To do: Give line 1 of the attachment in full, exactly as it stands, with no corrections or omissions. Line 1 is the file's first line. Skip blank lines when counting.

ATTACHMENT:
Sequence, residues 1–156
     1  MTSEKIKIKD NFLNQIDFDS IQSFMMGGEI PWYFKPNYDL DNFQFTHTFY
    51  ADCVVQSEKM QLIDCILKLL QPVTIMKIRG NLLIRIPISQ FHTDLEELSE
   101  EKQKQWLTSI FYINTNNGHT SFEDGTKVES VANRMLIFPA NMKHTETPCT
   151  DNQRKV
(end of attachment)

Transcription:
Sequence, residues 1–156